Austria-born Inge Morath began photographing in London in 1951. In one of her earliest assignments for Magnum photos, she documented residents of two contrasting districts in London: Soho and the wealthier Mayfair. Morath is known for her high-profile images that provide a distinct insight into the wealthy and famous of post-war Europe. Pictured here, the publisher and socialite Eveleigh Nash on Buckingham Palace Mall, 1953.

To take pictures had become a necessity and I did not want to forgo it for anything

Inge Morath
© Inge Morath | Magnum Photos

Inge Morath was born in Graz, Austria, in 1923. She became a journalist and editor, and later wrote articles to accompany the photographs of her friend photographer Ernst Haas. Morath was invited by Robert Capa and Haas to Paris to join the newly founded Magnum agency as an editor and researcher. She began photographing in London in 1951, and joined Magnum as a photographer in 1953. While working on her own first assignments, Morath also assisted Henri Cartier-Bresson during 1953-54, becoming a full member in 1955.

In the following years, Morath traveled extensively in Europe, North Africa, the Middle East. Her special interest in the arts found expression in photographic essays published by a number of leading magazines. After her marriage to playwright Arthur Miller in 1962, Morath settled in New York and Connecticut.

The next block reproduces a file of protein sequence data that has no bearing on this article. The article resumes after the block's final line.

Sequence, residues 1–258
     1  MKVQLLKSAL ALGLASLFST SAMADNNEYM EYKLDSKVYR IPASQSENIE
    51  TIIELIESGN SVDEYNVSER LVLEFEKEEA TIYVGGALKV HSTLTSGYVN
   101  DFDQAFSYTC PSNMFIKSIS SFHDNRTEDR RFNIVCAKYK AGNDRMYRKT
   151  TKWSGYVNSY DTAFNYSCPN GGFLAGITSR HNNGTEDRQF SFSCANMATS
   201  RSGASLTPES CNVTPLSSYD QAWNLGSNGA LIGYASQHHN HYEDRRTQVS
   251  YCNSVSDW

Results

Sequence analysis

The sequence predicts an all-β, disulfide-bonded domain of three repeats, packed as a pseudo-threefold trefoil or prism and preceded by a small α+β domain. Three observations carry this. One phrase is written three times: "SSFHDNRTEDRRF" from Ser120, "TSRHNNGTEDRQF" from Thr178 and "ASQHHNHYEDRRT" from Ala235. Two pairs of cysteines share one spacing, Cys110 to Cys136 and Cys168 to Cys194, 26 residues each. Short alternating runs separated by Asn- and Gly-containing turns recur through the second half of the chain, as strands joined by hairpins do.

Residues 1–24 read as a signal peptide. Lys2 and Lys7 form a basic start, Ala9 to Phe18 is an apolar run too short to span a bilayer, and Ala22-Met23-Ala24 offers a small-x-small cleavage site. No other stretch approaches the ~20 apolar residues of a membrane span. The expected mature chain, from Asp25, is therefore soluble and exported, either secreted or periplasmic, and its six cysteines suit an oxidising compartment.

Some of her most important work consists of portraits, but of passers-by as well as celebrities. Morath was also adept at photographing places: her pictures of Boris Pasternak’s home, Pushkin’s library, Chekhov’s house, Mao Zedong’s bedroom, artists’ studios and cemetery memorials are permeated with the spirit of invisible people still present. Morath died in New York City on 30 January 2002.

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